In the late 1990s, Putnam worked on a series of performances that were documented in small, damaged black and white photographs that resemble old pictures of nineteenth-century haunted houses and crime scenes.

Adam Putnam, Dish Cabinet, 1997, black and white photograph, 5 x 7 inches (courtesy of the artist)

Keep in mind that Putnam is 6 foot 8 inches÷this is essential to understand the works. In them, he attempted to stuff himself into small domestic furniture, like dish cabinets, wardrobes, and bookshelves. His long limbs are folded and contorted in visibly uncomfortable ways. Itās striking the physical lengths to which Putnam went to stuff his body into this furniture. Something had to give, and the body always ultimately took on an unnatural form in order to fit into the world around it. Here, again, allegory subtly materializes to speak of the bodyās need to adjust in the wake of technologyās take-no-prisoners incursion into everyday life.

Adopting a much more Victorian look, more recent works do away with the body altogether. A series of cyanotypes from 2002 depicts forlorn architectural details and strange presences. Absent, except for vague shadows, the body nonetheless haunts this work at every turn. It is precisely this ćpresentä non-presence that is the workās subject matter. Immaterial, the subject is absent from both the scene of the photograph and the world.

This works has, so far, yielded a particular interpretation: critics state that Putnam attempts to make architecture perform. The Shadow Room videos, 2005, empty rooms charged with oppressing atmospheres, provide muscle to such a claim.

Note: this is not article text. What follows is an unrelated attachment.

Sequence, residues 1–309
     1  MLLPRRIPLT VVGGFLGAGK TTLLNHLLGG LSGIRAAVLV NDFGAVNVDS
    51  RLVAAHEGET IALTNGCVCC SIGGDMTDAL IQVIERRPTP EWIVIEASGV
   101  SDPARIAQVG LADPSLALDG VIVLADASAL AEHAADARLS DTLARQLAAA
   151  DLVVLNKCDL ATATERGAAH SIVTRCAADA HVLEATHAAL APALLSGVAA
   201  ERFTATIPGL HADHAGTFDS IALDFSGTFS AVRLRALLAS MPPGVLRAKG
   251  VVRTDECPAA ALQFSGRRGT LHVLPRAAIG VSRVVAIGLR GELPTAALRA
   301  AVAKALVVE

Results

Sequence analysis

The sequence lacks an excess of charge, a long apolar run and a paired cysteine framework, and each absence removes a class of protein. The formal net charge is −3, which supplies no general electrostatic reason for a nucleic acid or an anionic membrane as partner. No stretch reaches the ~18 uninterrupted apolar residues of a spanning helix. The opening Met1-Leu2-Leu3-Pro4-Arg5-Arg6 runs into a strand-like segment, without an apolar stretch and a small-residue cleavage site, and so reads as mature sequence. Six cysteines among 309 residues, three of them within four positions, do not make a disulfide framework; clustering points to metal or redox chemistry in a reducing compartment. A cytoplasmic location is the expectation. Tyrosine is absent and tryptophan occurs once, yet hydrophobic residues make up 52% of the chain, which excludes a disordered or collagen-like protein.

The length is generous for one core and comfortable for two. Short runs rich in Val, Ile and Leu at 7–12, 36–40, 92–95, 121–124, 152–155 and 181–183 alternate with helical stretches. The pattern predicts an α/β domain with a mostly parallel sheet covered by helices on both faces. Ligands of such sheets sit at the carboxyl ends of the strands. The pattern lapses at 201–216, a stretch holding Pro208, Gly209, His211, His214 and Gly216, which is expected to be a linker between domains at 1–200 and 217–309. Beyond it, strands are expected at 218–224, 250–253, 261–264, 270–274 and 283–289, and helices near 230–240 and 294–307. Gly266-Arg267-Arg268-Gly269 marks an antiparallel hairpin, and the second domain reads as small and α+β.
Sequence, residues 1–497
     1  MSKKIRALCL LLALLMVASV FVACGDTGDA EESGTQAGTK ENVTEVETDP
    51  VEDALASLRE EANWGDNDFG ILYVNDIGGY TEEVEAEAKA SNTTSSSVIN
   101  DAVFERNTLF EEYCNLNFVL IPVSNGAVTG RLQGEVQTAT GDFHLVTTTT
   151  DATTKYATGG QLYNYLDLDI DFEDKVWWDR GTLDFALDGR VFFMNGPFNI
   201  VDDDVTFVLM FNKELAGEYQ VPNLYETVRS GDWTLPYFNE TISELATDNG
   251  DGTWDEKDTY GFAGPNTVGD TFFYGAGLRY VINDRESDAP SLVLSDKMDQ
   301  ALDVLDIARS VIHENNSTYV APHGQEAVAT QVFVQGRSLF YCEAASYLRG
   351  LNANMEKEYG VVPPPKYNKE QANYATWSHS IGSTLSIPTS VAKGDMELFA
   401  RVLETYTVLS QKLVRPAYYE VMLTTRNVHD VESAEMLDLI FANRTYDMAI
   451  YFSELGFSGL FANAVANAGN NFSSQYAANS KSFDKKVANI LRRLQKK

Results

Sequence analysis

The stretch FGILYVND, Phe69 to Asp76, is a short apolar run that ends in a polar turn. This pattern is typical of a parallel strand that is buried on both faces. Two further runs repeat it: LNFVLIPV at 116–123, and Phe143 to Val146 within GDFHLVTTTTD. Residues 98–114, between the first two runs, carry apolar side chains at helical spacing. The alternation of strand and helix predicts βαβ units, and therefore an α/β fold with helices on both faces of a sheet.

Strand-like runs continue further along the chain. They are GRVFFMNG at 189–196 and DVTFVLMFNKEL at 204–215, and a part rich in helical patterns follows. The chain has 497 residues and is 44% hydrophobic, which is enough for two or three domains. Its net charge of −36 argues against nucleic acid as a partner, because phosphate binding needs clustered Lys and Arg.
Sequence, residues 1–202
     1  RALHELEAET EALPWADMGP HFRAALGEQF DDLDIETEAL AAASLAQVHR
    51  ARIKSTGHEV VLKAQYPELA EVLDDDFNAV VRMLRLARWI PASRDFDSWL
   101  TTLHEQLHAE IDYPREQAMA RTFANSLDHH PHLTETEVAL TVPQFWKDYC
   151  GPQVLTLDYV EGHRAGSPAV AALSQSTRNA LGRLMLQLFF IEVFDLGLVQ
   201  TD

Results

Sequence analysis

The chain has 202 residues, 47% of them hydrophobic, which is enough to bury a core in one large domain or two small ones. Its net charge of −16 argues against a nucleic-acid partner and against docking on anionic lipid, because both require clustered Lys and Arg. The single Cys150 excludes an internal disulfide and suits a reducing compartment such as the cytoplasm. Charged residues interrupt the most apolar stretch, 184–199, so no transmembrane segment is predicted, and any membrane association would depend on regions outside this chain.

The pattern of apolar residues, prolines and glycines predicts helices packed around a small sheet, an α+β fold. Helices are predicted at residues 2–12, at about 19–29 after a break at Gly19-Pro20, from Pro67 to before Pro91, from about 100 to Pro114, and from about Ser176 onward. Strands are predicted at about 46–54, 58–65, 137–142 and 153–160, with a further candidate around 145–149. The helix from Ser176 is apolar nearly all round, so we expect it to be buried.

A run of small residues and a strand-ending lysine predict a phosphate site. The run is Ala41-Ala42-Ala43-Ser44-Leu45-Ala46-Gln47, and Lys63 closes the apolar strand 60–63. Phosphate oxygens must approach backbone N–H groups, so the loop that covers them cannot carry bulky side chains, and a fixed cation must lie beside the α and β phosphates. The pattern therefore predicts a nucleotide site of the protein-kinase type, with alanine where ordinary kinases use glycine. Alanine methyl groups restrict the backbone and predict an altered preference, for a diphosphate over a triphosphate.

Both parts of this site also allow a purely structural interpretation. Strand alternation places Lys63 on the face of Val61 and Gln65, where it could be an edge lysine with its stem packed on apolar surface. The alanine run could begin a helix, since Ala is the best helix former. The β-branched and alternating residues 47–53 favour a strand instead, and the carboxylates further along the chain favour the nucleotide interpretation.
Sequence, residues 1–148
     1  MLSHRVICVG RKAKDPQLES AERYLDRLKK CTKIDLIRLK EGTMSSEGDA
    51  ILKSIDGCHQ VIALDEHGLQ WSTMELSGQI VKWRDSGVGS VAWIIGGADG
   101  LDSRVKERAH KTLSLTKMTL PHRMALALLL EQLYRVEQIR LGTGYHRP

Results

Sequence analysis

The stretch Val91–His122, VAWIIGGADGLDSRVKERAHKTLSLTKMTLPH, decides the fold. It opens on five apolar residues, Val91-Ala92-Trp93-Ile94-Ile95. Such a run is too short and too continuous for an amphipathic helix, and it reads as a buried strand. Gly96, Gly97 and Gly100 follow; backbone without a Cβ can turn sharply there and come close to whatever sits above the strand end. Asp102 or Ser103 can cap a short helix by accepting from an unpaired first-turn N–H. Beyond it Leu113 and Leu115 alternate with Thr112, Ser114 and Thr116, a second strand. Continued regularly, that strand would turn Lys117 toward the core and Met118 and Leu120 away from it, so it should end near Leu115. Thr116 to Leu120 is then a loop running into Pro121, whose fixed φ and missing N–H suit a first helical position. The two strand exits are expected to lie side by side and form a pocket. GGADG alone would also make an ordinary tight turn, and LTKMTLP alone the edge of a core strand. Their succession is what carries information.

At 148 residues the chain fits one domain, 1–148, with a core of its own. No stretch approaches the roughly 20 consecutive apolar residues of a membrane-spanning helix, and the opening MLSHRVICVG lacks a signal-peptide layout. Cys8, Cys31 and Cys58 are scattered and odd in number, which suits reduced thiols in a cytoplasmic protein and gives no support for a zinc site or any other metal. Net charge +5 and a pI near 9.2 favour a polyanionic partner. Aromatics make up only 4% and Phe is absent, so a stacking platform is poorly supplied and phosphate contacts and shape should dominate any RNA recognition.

Adam Putnam, still from The Way Out, 2005, video, 10 minutes (courtesy of the artist)

This reading nonetheless glosses over an essential point. Putnamās architecture is performing, precisely, the absence of the body. In other words, these rooms are charged up by missing bodies and the traces they leave behind÷shadows, markings, and sounds. The rooms only take on a character by showcasing the missing body through palpitating shadow-blobs or eerie soundtracks. Locating the loss of the body in the rampant technological advances of the post-Hiroshima age, Putnamās project is the sticky underside of all the paeans to the cyborg. His work begins with all the anxieties that technofetishism tries to hide.

Adam Putnam, Untitled (Initiation), 2004, c-print, 8 x 10 inches
(courtesy of the artist)

 

Adam Putnam, Embrace, 2005, c-print, 16 x 20 inches
(courtesy of the artist)

I initially thought that the loss explored in Putnamās work had a political lining, like most paranormal reconfigurations of the body. I saw this as a loss of a sense of agency, also registered in the carved bodies of summer slasher films. Now that the body is back in the cupboard and the ghost has been let out of the bag, however, the loss registered here may be at a stratum even more fundamental than the political. Putnamās videos and photos, channeling the Victorian in all its creepiness, may be marking that threshold where our bodies÷even if we canāt quite come to terms with such merciless knowledge÷are becoming something radically other.

Gean Moreno is a Contributing Editor of ART PAPERS. His studio visit with Lorenzo de Los Angeles was published in our July-August 2005 issue.